The Independent Petroleum Marketers Association of Nigeria (IPMAN) has hinted at the possibility of a scarcity of fuel following a disruption in the petroleum distribution chain across filling stations in the country.
According to the National Operations Controller of IPMAN, Mr. Mike Osatuyi, “the situation has been fragile since the NNPC assumed the role of the sole importer of petrol. There is supply gap…now, since the NNPC imports 78 percent of the petrol needs of the country, with other marketers sharing the remaining 22 percent.”
The scarcity of foreign exchange, has also impeded the efforts of major marketers to import petroleum products as expected. Of the five major marketers, only Mobil Oil and Total have been able to import petroleum products because of their foreign affiliations. Other major oil marketers find it difficult to source for the dollar at over N390 to $1, to import petroleum products, leading to an imbalance in the expected products to be distributed across the nation.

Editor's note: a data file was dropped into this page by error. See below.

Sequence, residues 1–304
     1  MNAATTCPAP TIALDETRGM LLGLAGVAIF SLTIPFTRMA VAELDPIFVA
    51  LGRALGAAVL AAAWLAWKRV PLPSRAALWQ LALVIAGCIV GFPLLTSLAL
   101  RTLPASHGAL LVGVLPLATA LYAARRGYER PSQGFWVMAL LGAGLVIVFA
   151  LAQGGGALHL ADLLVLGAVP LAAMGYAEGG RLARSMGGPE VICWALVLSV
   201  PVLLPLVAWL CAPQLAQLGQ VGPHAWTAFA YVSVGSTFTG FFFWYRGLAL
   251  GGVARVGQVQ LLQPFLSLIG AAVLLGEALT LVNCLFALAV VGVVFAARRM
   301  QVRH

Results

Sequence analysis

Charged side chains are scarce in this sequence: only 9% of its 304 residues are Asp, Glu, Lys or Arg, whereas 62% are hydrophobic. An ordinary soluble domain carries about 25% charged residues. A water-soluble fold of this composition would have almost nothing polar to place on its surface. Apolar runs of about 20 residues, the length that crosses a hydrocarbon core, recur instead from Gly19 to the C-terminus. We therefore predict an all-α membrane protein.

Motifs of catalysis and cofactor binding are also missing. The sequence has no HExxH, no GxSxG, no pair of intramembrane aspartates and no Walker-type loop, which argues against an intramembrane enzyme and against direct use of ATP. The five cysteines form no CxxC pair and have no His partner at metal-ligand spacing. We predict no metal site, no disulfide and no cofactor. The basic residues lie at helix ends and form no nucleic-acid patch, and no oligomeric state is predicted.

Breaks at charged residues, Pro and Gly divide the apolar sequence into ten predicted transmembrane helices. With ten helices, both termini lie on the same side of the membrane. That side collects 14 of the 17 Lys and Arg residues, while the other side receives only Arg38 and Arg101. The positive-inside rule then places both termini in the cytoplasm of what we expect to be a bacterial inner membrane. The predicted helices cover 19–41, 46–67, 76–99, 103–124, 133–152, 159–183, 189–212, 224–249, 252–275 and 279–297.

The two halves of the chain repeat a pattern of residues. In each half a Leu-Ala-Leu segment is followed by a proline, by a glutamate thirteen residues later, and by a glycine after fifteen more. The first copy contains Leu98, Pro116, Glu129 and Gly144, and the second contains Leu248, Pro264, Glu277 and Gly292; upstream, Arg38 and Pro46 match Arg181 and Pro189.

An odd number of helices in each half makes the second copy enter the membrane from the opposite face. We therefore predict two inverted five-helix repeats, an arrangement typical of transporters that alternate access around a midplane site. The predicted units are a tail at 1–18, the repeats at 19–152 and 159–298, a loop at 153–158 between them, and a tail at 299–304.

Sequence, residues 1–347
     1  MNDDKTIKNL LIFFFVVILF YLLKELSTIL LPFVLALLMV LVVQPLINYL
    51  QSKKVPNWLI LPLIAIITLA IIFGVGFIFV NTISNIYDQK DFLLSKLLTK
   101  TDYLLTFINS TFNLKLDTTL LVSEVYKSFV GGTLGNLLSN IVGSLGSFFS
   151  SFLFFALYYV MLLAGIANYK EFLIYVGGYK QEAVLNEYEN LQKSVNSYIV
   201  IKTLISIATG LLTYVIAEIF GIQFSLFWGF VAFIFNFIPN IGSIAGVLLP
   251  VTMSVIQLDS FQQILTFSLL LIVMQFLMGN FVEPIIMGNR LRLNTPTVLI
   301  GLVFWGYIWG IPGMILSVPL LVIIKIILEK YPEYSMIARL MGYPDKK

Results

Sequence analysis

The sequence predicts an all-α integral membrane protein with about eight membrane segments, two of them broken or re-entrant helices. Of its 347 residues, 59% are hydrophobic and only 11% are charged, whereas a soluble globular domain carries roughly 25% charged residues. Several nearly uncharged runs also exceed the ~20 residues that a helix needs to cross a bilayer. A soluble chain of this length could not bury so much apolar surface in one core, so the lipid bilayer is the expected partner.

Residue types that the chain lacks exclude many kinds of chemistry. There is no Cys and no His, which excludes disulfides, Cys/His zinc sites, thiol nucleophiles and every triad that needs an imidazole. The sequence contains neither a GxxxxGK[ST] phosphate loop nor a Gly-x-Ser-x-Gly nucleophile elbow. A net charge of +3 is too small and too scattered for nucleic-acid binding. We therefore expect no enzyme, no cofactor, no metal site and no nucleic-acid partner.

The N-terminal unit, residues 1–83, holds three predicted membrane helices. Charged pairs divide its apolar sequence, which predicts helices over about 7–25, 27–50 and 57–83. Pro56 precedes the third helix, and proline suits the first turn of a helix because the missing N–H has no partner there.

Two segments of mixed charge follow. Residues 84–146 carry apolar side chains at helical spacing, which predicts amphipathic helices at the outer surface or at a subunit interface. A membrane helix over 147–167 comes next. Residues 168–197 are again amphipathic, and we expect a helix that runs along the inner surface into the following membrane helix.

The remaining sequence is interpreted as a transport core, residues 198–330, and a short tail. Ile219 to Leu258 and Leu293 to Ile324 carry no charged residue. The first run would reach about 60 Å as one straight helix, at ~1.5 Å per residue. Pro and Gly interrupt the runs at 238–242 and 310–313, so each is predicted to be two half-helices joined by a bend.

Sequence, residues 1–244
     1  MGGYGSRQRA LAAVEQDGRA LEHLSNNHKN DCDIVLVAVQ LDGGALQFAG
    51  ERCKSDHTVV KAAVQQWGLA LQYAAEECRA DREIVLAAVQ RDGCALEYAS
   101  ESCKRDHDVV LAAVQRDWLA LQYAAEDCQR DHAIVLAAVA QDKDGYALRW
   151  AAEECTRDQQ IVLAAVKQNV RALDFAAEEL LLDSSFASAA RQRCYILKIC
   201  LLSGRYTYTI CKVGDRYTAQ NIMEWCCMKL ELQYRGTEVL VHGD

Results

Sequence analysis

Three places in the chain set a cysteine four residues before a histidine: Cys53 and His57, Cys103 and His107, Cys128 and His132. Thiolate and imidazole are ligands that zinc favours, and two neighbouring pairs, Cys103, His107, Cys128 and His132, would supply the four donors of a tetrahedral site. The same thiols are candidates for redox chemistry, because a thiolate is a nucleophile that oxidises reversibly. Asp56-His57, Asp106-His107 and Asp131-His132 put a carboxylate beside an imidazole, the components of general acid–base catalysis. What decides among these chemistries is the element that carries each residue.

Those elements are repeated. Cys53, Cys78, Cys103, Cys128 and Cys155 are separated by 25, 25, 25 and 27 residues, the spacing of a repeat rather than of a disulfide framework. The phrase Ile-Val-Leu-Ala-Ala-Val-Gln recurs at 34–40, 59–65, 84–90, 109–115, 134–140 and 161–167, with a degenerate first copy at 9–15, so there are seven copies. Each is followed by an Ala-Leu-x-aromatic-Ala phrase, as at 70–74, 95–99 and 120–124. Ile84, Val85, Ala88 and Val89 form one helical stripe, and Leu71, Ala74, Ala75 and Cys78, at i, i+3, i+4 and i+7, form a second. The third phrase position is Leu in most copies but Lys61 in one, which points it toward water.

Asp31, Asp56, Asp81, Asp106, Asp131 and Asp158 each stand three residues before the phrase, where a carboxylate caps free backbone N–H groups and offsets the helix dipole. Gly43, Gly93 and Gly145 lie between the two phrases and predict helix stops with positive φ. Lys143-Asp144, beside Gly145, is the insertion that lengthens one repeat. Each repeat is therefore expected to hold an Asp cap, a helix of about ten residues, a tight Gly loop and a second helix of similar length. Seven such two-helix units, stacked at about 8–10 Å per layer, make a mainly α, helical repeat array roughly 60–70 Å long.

To make matters worse, the Nigerian National Petroleum Corporation has now shut down the Warri refinery owing to shortage in crude supply. It has barely been a month since the Port Harcourt and Kaduna refineries were shut down as a result of militant attacks, which implies Nigeria can boast of just one refinery working presently.
Prior to the closure of these refineries, the Port Harcourt refinery was recording a daily production of over 4.1 million litres, the Kaduna refinery was posting a daily petrol production of about 1.3 million litres while the Warri refinery had been posting a daily production of about 1.5 million litres since it was refurbished. The closure of these refineries implies a fuel scarcity is inevitable.
It has been reported that queues have started building up in major states across the nation while most filling stations in the city have been shut down. The few stations still selling have adjusted their pump prices above the stipulated price approved by the government.